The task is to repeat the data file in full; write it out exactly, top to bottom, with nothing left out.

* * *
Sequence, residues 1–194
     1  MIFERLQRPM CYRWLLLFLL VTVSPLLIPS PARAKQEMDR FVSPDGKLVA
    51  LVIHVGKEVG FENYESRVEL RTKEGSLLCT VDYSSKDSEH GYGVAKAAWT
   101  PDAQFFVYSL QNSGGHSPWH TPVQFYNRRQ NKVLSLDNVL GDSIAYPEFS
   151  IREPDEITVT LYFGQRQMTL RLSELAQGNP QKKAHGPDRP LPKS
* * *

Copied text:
Sequence, residues 1–194
     1  MIFERLQRPM CYRWLLLFLL VTVSPLLIPS PARAKQEMDR FVSPDGKLVA
    51  LVIHVGKEVG FENYESRVEL RTKEGSLLCT VDYSSKDSEH GYGVAKAAWT
   101  PDAQFFVYSL QNSGGHSPWH TPVQFYNRRQ NKVLSLDNVL GDSIAYPEFS
   151  IREPDEITVT LYFGQRQMTL RLSELAQGNP QKKAHGPDRP LPKS